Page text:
Monday, October 11, 2010

Deutsch's criteria for fixing bugs

Peter Deutsch did a lot of things, such as coming up with a JIT Smalltalk VM. There are other smaller things, like the 8 fallacies of distributed computing, or his criteria to evaluate bug fixes. I couldn't find a reference to the bug criteria, though. Thus, in short, Deutsch states you fix a bug when:

  • you can completely explain how the bug occurs, and
  • you can prove the change you make addresses the verifiable cause of the bug.
Unfortunately, it is common to hear claims of having fixed a bug just because "I made a change and the bug went away, therefore I addressed the source of the bug". In other words, an instance of the post hoc ergo propter hoc logical fallacy.

This type of fallacy comes up quite often. For instance, when working with C, you can make a C pointer aliasing problem evident by changing code that is far away from where the issue manifests. I found a case of this phenomenon not long ago. The inclusion of code that would be optimized away to nothing in one function affected register allocation in some other function that had nothing to do with the first one. In the second function, you would see a bug.

Should you claim that changing the first function fixes the bug in the second one? Or that the change in the first function somehow controls a compiler bug? Or would it be better to determine the source of the bug, in which case you can be sure that the change you make actually addresses the problem?

Alas, since sometimes these investigations take a long time, you often see things like "well I changed the compiler flags and that made the bug go away, therefore it's a compiler bug". Maybe, but you have to prove it, not merely state it. In the above case, the real issue was the source code was in violation of the C99 spec, which defines what the C language is to begin with. Clearly, as far as the compiler is concerned, the "bug" was a case of garbage in => garbage out. But, of course, as soon as you fix the source code so it does not rely on pointer aliasing, the compiler magically produces the intended code regardless of the optimization level. Sigh...

6 comments:

Anonymous said...

Glad to see this post. As someone who dabbled with implementing a Smalltalk VM in distant past, I was very much aware of Peter's contributions to Lisp and Smalltalk. Regretfully, I could never get hold of his paper on JIT.

I didn't know about his bug fix criteria. One may not believe this but, I have witnessed several bug fixes where exceptions thrown were "fixed" by either catching and ignoring them silently or commenting out code that threw them. And this wasn't in any no name company either - rather an industry leader where I worked in the past.

Unfortunately, programming is being practiced increasingly as a fine way to earn one's living by people who have little to no understanding of what it is about. Far too many people are just skilled in the use of IDEs and design patterns and think they have mastered the craft of programmer.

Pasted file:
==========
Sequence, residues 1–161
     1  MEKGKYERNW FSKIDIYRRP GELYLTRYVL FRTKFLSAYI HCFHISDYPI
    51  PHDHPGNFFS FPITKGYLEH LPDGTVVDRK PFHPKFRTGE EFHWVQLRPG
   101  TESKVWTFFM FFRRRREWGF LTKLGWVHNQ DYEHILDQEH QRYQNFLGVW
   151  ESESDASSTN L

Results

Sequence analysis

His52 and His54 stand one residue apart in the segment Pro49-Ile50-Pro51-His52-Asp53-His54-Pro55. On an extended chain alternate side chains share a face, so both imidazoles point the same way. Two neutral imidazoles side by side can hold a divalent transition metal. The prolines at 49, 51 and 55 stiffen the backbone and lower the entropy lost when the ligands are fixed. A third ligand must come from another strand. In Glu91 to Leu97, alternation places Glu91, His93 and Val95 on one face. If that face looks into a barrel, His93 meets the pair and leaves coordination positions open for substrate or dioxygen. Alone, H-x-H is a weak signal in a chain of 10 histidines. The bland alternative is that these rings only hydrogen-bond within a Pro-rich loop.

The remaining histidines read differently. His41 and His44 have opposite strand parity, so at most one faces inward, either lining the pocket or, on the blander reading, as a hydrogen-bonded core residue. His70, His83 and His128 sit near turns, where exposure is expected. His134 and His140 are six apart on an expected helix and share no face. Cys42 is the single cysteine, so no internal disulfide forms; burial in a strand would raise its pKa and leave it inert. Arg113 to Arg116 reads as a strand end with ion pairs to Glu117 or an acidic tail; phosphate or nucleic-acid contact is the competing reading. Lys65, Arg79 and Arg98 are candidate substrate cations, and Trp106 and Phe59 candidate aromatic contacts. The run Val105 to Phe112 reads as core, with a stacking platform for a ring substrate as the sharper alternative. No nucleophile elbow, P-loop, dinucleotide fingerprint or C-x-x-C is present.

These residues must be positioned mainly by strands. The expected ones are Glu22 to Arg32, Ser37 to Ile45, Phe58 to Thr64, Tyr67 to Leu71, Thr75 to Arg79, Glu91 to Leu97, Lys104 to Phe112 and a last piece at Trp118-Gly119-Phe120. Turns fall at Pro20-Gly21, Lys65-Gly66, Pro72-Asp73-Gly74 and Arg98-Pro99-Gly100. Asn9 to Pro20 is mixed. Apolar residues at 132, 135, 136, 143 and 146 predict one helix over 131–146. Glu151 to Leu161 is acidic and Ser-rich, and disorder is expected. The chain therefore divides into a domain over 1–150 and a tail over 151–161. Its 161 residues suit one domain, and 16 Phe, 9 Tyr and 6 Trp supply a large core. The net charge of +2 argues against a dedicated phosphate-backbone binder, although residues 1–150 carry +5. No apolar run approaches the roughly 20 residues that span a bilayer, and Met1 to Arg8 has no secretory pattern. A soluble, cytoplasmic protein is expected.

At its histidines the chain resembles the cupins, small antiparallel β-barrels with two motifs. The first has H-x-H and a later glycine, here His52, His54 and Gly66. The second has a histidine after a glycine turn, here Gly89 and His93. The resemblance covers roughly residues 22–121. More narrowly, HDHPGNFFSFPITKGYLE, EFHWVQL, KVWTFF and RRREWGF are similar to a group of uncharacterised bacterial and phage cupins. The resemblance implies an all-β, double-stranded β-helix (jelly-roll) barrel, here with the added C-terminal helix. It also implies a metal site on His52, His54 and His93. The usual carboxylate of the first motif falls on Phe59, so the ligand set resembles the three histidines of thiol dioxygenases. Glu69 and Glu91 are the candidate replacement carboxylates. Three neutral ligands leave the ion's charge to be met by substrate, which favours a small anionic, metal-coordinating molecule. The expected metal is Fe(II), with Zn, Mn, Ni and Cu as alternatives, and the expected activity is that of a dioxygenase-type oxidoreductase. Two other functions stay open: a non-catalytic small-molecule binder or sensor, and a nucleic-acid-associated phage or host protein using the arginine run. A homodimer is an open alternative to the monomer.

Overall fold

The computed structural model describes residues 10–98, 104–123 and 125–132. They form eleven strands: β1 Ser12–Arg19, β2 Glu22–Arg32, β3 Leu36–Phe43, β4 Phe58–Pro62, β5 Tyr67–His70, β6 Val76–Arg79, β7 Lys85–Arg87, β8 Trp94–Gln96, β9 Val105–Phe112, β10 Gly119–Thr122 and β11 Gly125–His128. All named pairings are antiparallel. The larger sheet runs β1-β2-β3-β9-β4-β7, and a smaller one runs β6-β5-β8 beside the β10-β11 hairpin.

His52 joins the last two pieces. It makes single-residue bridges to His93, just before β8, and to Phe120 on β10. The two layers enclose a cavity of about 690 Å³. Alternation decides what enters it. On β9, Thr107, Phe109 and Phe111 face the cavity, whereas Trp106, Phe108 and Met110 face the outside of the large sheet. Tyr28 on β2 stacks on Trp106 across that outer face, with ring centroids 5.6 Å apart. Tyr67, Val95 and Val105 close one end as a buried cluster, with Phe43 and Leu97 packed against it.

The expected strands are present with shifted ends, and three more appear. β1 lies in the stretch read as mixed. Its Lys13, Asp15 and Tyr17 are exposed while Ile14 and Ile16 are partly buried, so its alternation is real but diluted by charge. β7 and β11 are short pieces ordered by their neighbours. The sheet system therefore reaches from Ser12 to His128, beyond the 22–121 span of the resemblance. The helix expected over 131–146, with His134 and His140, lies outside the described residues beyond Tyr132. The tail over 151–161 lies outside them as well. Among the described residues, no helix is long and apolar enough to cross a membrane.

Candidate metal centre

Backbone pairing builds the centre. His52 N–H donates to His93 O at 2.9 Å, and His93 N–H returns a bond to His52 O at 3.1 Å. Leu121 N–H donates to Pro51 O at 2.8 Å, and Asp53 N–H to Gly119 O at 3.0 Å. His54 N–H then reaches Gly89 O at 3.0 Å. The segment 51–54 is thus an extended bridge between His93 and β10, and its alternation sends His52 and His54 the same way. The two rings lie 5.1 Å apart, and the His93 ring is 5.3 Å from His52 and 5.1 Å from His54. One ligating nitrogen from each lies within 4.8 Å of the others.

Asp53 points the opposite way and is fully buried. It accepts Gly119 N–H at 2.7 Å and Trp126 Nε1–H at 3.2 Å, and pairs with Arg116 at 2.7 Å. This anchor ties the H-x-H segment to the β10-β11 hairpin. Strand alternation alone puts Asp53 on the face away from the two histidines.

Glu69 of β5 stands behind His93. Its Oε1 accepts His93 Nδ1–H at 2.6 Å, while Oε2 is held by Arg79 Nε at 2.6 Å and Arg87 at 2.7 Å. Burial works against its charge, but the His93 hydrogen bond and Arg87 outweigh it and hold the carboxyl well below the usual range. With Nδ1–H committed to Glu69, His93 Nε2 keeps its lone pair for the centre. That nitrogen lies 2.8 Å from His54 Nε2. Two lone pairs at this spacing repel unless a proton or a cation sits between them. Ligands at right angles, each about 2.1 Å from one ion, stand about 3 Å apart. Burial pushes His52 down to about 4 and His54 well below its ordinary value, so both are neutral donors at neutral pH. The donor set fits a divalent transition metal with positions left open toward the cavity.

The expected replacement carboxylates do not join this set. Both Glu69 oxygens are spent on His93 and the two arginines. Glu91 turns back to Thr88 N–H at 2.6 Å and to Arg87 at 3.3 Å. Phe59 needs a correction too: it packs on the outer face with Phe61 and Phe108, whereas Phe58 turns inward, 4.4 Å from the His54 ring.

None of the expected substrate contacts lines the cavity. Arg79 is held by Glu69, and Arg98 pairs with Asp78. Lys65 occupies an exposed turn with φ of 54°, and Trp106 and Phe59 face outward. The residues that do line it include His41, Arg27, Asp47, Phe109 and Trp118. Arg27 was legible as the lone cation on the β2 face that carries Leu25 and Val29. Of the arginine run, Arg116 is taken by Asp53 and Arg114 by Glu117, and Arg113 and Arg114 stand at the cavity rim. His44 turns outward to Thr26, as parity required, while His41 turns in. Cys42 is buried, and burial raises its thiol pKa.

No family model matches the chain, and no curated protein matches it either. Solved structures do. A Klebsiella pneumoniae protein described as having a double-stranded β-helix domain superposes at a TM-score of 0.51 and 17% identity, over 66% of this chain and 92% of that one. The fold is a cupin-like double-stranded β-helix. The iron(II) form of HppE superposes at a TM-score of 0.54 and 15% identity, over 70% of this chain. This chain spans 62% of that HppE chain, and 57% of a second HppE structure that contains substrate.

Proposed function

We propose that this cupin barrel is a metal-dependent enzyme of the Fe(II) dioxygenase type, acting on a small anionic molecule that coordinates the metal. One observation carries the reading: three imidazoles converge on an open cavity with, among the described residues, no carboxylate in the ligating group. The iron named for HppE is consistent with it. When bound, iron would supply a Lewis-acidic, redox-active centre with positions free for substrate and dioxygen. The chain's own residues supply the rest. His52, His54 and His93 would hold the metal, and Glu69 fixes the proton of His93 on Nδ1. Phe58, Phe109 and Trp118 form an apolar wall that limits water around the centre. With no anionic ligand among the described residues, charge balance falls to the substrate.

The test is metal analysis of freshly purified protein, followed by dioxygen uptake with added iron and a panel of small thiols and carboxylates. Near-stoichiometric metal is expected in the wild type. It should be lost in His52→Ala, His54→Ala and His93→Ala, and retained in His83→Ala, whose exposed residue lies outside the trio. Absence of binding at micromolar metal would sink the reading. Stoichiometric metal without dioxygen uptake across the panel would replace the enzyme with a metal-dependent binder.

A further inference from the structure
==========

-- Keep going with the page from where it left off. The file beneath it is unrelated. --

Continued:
Andrés said...

> Unfortunately, programming is being practiced increasingly as a fine way to earn one's living by people who have little to no understanding of what it is about. Far too many people are just skilled in the use of IDEs and design patterns and think they have mastered the craft of programmer.

I agree... "oh, the browser has more refactorings in its context menu, consequently this is a superior tool and I write better code with it". :)... yeah right.

Andrés said...

Hey, what VM did you work with?

Eliot Miranda said...

Hi Andrés,

I think you've stated it slightly incorrectly. The criterion is that one hasn't fixed the bug until you've explained what the bug is and how the proposed change addresses it. Here's an extract from a message from Steve Dahl formulating the principle:

"Remember that Peter never expressed it (in my hearing) as a formal principle, but he just kept asking the engineer what bug caused the symptom until they went back and explained it to his satisfaction. Or ran off in a snit.

A symptom is not a bug. Fixing a symptom doesn't mean you've fixed the bug. Until you can explain what the bug is, and demonstrate that the hypothesized bug really is occurring, and is causing the observed symptom, you haven't fixed the problem."

You can shorten this to until you've truly explained the bug you can't fix it, you can only obscure its existence.

Andrés said...

Thanks Eliot, I tried grepping around for the comment but I couldn't find it and so I had to rely on the oral tradition to figure it out. But yes, that is the intent I remember. It's totally not ok to just change stuff until the program "appears to work"...

Andrés said...

Hmmm... as an after thought, we really need to write these kinds of things down. This oral tradition business sometimes makes me think we ended up losing a whole generation of Smalltalkers in part because they were not there when we were talking, or we didn't say the right thing when they were nearby...

So, what else is there? What do you think we should write?